A piss-easy way to carve out extra time for each women’s Test match

Posted by
2 minute read

England’s men’s team are halfway through playing two Tests in two weeks against different opponents. England’s women’s team have a full year to wait until their next Test against anyone.

The comparisons are easy, jarring and awful. The New Zealand/India fortnight is only the middle back-to-back for the men after one wholly against New Zealand last month and another against South Africa in August.

England’s women hadn’t played a Test since January and have none lined up this winter. South Africa – their opponents this week – hadn’t played one since 2014. The one before that was in 2007, against the Netherlands.

Imagine how you’d feel in that situation. One Test a year or one Test every eight years and finally another one’s arrived! Careers are short. Tests are remembered. This is a big, big deal. Can’t wait to get out there and…

The scarcity of women’s Tests can make them feel more significant, but this only works if they’re allowed enough time to complete them. A four-day Test is theoretically only 50 overs shorter than a five-day Test, but in practice a rainy day can easily whack out a quarter of the allotted playing time.

England’s last five Tests have been drawn.

“I’m pretty clear on my opinion – when we play so few Tests and so sparsely it should be five days to try and get a result,” said Heather Knight.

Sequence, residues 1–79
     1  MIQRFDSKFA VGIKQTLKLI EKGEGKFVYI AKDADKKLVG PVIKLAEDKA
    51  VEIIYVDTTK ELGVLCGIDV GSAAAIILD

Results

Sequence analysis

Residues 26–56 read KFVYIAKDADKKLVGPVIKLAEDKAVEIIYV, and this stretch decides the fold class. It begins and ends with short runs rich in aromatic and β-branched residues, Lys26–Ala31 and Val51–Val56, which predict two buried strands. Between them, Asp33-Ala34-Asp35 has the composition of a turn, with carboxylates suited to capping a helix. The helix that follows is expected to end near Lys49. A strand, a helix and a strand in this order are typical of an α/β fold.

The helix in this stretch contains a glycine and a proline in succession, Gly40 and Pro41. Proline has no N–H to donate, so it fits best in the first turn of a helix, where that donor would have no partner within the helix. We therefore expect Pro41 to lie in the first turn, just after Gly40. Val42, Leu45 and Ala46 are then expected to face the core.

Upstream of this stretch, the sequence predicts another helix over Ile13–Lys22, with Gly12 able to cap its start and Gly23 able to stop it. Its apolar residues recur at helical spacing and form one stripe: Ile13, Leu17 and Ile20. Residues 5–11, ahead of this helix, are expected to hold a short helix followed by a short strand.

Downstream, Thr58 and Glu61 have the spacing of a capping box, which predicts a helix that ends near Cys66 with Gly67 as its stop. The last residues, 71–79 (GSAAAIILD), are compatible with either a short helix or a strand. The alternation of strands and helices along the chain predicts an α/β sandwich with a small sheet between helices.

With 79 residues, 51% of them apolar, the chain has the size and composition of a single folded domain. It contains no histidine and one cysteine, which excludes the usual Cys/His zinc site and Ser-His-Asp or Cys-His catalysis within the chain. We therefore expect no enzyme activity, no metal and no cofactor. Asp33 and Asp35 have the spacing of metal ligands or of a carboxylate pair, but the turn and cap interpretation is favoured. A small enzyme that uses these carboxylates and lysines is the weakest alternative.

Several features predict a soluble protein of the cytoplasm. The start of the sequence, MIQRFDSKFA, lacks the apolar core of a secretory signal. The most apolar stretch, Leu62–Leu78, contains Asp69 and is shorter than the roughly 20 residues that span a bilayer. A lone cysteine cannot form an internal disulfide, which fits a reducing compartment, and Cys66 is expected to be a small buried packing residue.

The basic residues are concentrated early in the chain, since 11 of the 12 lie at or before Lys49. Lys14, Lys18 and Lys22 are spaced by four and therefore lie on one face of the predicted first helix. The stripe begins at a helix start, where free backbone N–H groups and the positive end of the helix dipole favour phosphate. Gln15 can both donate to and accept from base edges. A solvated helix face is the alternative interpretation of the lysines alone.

That makes sense, but only as a bare minimum. There should clearly be more matches too.

If nothing else, that would carve out a bit of time by shortening the pre-match cap presentations. England had four debutants this week. South Africa had nine. They could probably add five or six overs to the game if that didn’t happen literally every single Test match.

“It is a format we love playing,” said Knight.

You wonder how they can be so certain.

Join the King Cricket email gang. It’s an easy gang to be in. We won’t ask you to whack any made guys or anything. If you read one email in three, that’ll be a perfectly acceptable contribution to gang life.


Mike Gatting wasn't receiving the King Cricket email when he dropped that ludicrously easy chance against India in 1993.


Why risk it when it's so easy to sign up?


  1. Yup. Having one test every year or decade or so is akin to working a one hour week. This means to say “what’s the point”. I’d apply the same sentiment to the men’s game, to a lesser degree of course.

    What happened to a proper test series, the five game series. Back when such things existed, it was considered an event, the event of the cricketing year. Now it’s reduced to three at best (men’s Ashes aside) or one of those ridiculous two-fers, all quickly forgotten.

    If the powers that be are watering the game down so much that we’re reduced to one-game or two-game test series, what’s the point of test cricket.

    The women’s SA vs England should be a five game, five day test series – a proper cricketing event again.

    Now look what I’ve been and gone and done. All serious and wotnot. I shall ensure my next post wil be very silly.

  2. ‘Pants off down the pitch’, says P Tufnell.

    Punctuation is important, kids. Stay in school.

    1. We feel obliged to reply, “What the fuck you talking about?” even though some people will take this the wrong way.

Comments are closed.